The Widow of Zarephath: The internal battle for control

Today we’re looking at The Widow of Zarephath. Her story can be found in 1 Kings 17 (it’s super short but absolute gold so I recommend giving it a quick read).

A bit of background: Elijah has travelled to Zaraphath in Sidon, as commanded by God, to seek the refugee of a widow there. He arrives to find her gathering sticks and approaches her, asking if she could bring him some water and some bread.

7 ‘As surely as the Lord you God lives…I don’t have any bread-only a handful of flour in a jar and a little olive oil in a jug. I am gathering a few sticks to take home and make a meal for myself and my son that we may eat it- and die.’

Here we have a desperately poor woman, a widow who is living with struggle and deprivation and yet despite her protests, her fears, she does do as requested, she makes that bread -the bread she cannot in anyway afford to make- and presents it to Elijah.

Why does she do that? Why share your last morsel with a stranger, when it’s clear you and your child are in dire circumstances?

The promise of the Lord.

Elijah explains to her, after presenting his request for food, that God has told him ‘the jar of flour will not be used up and the jug of oil will not run dry until the day the Lord sends rain on the land’.

The widow has lived through the death of her husband, a terrible famine and yet when she hears the promises of the Lord proclaimed she instantly sets about sharing what little she has, fully trusting that God has got her situation under control- that He will provide for her.

The Widow was convinced that this would be her final meal. She was expectant for death and yet all of a sudden there’s a shift. She hears the promises of the Lord, realises that He is for her and suddenly her expectations are for life, for provision, for a future for her and her son.

What I find particularly interesting is a small action that can easily overlooked but is really worth noting. Take a glance to the beginning of the story where Elijah asks for water. The widow is quick to act, in fact she’s on her way to collect the water when Elijah calls to her for a piece of bread. Suddenly the demand seems too great, the sacrifice too much for her to bear. She stops in her tracks, suddenly uncertain.

‘Can I spare that?’

There are always going to be areas of our lives where it’s a struggle to give over control to God- whether that’s a habit, a relationship, a behaviour. We just want to do things our way, on our own strength and figure it out alone.

Sometimes you may feel a little stretched, like the woman does here, to give a little more- whether that be financially or in terms of time, effort, prayer, obedience.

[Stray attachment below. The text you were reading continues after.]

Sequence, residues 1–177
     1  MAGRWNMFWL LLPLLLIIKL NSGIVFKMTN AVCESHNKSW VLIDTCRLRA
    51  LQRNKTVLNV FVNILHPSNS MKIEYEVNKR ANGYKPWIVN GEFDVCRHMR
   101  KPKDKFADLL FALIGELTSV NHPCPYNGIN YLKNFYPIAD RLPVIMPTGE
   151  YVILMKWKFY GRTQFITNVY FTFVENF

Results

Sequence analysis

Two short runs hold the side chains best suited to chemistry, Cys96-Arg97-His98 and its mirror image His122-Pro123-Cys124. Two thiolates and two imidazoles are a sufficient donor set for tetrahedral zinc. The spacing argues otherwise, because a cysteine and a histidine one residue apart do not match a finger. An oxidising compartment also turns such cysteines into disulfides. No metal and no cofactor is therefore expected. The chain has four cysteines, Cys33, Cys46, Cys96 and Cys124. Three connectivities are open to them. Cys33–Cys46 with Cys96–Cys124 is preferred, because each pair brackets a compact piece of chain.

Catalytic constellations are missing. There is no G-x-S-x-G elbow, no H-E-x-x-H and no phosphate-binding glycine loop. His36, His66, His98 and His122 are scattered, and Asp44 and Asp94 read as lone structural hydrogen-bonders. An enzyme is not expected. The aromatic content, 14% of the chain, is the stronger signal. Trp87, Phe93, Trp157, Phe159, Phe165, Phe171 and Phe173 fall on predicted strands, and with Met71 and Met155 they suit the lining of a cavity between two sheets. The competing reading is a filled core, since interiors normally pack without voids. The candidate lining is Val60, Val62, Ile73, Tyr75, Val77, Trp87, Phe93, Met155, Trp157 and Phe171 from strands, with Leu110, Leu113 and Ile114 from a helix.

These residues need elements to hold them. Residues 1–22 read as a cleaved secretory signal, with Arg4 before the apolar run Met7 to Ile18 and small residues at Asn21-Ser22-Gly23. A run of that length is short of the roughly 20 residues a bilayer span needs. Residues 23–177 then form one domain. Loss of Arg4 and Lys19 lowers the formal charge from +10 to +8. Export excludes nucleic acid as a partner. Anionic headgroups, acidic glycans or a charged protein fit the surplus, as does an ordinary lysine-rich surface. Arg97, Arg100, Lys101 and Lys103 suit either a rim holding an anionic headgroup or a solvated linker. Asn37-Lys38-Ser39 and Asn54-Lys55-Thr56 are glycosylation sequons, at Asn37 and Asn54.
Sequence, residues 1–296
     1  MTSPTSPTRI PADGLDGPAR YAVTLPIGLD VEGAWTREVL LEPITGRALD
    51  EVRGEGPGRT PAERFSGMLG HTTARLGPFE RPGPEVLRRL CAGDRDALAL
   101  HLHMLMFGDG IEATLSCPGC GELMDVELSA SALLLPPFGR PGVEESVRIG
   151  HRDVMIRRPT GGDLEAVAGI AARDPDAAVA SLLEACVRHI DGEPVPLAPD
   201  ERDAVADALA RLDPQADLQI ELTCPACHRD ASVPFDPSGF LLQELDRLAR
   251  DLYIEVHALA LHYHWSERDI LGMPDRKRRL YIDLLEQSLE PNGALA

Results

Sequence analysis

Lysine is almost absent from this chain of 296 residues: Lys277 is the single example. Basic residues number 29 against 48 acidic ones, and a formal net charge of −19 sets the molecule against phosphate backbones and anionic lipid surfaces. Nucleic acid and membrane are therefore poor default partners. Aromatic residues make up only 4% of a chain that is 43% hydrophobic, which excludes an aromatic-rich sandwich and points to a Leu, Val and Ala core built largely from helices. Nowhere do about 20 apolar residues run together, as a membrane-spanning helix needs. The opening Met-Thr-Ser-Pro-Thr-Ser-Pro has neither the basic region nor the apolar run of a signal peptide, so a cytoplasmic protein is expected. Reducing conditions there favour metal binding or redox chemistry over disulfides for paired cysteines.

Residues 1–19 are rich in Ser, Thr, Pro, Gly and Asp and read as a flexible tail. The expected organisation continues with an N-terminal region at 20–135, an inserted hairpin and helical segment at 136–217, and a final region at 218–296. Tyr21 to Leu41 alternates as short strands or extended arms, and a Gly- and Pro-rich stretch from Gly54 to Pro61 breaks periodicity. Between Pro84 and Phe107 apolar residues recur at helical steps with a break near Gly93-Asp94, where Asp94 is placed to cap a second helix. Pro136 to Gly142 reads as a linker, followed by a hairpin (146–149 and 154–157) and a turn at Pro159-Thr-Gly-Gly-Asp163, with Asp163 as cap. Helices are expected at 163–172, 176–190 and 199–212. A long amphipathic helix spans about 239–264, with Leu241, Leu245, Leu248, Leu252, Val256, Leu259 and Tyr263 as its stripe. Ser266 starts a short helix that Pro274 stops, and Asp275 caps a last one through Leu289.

We see the woman struggle with this very dilemma- should she do the sensible, rational thing and remain in control of what little she possess’ or loosen her grip, trust the Lord and be generous?

She chooses the latter and we are told that ‘there was food every day for Elijah and for the woman and her family’.

When we put our faith in God he doesn’t just bless us with enough but with plenty. He is able to do miraculous acts when we submit to Him and allow Him to work. Let Go and let God.

A final note: Elijah asks for a ‘piece of bread’. The woman doesn’t physically have any bread to provide him with, only flour and oil but he asks for the finished product. When God looks at you he doesn’t just see the separate ingredients but a whole. He doesn’t just see independent skills and talents but a future where they are weaved together for His glory. He sees all that’s to come, all that’s to be achieved for His glory.

The Widow of Zarephath demonstrates perfectly the internal struggle we can have for control over our possessions but also how God can do the unthinkable, provide an abundance of food in the midst of a famine, when you let Him. Perhaps you feel like you’re surrounded by famine, everything seems dry, barren but you can still be fruitful in a desert environment if you place what little you have and commit it into His hands. Never forget that He is your source of life and He is faithful in your struggle.

Ella x


Check out the rest of the Women of the Bible series here!


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8 thoughts on “The Widow of Zarephath: The internal battle for control

  1. Many thanks, Ella. This is such a treasure, and the way Youballowed God to weave personal application is simply beautiful!! I was touched deeply and found much encouragement, as I am a widow.
    Blessings to you as you share your heart.
    Wendy

    Liked by 1 person

    1. Thank-you so much for reading and taking the time to comment, I truly appreciate it! I’m so glad that you found this personally encouraging, that God chose to direct you to this post for words that were for you! God bless you!

      Liked by 1 person

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